'No need for it': Campaigners rally against 150 homes plan as inquiry opens
PUBLISHED: 16:09 25 June 2019 | UPDATED: 16:09 25 June 2019
A planning inquiry has begun into controversial plans for 150 homes in a picturesque Suffolk village, with campaigners arguing that it would be "harmful" to the area.
Developers Gladman want to build the houses in Skylark Field off Station Road in Long Melford but have faced fierce opposition from villagers.
They formed the Save Our Skylark Fields (SOS) group and raised £30,000 to fund the legal battle, claiming the development would be unsuitable and the village did not need the new homes.
Babergh District Council's planning committee unanimously voted to refuse the plans last December but Gladman appealed prior to the hearing on the grounds the council did not resolve the application in the timeframe required.
The decision will now be made by the planning inspectorate and the inquiry, which is scheduled to last five days, began at AFC Sudbury football club under inspector Kenneth Stone.
Martin Carter, for Gladman, told the hearing that Babergh did not have enough homes planned to meet its five year supply obligation, and its planning guidelines for new devlopments were out of date.
Gladman did not accept the development would be visually obtrusive or have an impact on the historical heart of Long Melford, and he said the council and SOS were "overstating the impact" of the scheme.
"Although Long Melford is undoubtedly a settlement with significant historic and landscape interest the appeal site is located well away from the historic parts...and seperated from them by a considerable area of 20th century development," he said.
"It plays no particular role in providing a setting for the historic settlement."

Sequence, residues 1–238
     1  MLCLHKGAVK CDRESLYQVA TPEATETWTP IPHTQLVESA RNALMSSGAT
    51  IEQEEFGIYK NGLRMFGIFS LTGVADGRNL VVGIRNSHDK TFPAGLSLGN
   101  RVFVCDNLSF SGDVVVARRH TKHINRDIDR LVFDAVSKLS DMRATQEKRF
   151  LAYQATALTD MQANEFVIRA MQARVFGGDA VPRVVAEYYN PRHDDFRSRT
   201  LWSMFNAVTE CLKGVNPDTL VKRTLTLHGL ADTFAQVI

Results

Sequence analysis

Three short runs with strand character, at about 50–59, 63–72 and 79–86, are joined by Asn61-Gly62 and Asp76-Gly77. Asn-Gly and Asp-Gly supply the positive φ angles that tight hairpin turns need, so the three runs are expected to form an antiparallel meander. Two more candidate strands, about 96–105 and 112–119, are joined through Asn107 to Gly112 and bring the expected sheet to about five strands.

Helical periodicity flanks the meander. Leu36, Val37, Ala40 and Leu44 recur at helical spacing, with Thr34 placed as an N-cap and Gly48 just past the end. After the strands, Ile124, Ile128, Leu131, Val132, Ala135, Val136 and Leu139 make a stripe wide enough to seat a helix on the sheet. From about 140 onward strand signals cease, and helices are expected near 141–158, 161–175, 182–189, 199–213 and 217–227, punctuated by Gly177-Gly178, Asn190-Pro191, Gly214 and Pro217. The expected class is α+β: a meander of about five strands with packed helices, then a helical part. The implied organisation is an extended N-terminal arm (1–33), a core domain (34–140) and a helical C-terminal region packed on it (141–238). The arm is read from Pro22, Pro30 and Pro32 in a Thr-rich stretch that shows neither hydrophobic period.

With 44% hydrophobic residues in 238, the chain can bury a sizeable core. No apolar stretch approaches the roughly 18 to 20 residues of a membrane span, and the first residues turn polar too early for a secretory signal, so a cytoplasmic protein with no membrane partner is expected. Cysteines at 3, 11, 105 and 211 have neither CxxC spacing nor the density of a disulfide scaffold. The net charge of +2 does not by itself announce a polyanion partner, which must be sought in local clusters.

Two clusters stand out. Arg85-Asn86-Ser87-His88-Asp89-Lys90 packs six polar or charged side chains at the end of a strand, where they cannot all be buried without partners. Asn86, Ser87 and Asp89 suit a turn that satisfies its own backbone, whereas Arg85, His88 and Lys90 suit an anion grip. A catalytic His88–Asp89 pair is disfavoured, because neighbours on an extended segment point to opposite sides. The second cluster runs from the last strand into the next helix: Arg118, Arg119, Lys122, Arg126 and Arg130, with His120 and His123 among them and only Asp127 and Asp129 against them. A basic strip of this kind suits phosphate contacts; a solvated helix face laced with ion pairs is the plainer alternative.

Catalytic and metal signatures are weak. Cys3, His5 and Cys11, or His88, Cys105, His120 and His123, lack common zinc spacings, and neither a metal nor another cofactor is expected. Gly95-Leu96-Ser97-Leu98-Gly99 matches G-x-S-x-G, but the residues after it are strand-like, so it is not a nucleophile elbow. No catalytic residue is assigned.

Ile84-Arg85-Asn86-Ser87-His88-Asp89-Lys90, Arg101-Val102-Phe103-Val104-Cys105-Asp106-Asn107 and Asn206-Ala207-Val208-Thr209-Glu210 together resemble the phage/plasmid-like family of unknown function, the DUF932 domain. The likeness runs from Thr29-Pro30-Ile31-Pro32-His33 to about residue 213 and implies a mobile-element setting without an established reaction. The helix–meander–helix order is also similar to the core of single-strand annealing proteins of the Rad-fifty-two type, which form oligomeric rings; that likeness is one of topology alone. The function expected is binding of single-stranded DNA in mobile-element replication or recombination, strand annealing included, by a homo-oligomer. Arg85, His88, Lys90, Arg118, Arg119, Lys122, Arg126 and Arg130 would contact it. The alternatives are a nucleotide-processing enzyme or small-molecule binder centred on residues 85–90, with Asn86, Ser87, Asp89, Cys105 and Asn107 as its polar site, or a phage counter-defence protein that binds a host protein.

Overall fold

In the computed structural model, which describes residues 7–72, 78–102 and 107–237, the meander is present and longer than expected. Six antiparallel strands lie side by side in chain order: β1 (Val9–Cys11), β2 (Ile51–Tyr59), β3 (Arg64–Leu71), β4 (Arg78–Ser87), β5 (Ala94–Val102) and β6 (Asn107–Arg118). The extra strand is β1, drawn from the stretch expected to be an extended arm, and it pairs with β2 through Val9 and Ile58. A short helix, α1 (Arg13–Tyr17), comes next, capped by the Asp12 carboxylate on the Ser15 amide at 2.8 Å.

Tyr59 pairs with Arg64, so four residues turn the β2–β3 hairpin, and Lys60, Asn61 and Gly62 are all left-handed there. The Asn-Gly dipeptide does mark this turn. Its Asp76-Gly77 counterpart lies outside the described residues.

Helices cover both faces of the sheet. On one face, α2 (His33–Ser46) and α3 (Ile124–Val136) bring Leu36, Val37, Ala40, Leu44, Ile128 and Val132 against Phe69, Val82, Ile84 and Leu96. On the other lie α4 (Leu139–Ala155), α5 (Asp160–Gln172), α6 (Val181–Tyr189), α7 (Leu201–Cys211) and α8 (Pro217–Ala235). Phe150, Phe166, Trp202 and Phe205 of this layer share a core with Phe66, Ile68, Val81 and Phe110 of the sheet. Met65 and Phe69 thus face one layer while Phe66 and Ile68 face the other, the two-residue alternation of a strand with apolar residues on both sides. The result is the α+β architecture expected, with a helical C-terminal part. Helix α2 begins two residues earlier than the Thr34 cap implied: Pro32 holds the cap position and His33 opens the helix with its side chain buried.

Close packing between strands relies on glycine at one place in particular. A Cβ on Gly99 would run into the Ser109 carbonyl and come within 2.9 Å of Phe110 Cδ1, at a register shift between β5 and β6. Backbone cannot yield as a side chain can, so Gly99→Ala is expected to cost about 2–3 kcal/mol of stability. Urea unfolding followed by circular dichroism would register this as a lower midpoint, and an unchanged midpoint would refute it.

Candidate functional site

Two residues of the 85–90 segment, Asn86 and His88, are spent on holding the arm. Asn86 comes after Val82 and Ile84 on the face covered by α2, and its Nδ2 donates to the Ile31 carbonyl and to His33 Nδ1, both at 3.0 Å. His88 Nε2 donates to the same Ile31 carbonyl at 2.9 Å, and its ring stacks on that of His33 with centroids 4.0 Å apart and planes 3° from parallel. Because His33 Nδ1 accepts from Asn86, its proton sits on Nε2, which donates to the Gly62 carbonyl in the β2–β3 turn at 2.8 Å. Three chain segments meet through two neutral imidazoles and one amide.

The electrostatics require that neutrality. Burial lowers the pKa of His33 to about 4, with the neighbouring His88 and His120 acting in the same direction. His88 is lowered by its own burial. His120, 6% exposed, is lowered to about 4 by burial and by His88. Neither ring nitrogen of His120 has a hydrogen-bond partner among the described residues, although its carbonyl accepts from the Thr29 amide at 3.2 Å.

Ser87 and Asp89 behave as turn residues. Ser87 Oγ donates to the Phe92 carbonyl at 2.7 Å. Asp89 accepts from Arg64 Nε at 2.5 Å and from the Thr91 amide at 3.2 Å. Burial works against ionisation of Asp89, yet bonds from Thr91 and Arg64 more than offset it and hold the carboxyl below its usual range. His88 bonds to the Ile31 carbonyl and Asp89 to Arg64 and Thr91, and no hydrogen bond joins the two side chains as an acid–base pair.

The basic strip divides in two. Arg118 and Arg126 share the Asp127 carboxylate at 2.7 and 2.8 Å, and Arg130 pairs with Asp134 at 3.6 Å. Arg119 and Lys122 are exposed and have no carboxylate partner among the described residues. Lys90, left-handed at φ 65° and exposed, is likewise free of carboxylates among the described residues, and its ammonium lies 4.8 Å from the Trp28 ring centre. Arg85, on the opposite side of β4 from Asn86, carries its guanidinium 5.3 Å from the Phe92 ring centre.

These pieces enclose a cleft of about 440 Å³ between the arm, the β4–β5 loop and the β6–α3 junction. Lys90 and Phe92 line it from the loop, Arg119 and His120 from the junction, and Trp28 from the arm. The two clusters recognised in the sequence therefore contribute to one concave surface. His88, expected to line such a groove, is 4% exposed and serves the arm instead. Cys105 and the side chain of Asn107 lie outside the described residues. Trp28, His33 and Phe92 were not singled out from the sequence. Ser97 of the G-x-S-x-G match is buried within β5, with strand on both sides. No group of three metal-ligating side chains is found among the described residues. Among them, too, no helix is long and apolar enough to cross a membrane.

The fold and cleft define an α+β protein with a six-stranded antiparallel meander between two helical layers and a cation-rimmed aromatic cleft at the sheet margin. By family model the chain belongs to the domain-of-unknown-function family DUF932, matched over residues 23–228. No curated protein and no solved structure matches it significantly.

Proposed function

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But Robin Green for Babergh District Council said: "The site is part of the tranquil countryside setting of Long Melford.
"To build up to 150 houses is contrary to many processes controlling development in the countryside.
"The development would unashamedly project into the countryside. The scale of of the development would result in a highly urbanised enclave."
David Whipps for SOS added: "Long Melford is a special place, it is a village of great charm and character.
"The proposal is harmful from a heritage and landscape perspective, but also because there is no need for it,"
Long Melford resident and county councillor Richard Kemp told the hearing that in the last two years Long Melford had already accepted around 200 new houses in three major developments, which he said was "more than our fair share considering the size of the village".
The Gladman scheme was roughly double the size of the largest of the three recent developments, he added.
"If permission to build such a huge development outside the natural boundary to the village of the old railway line was given, other applications would follow and development would continue all the way up to the by-pass," he said.
"That would turn Long Melford into a town and completely ruin its attraction to residents and visitors alike"
The hearing continues.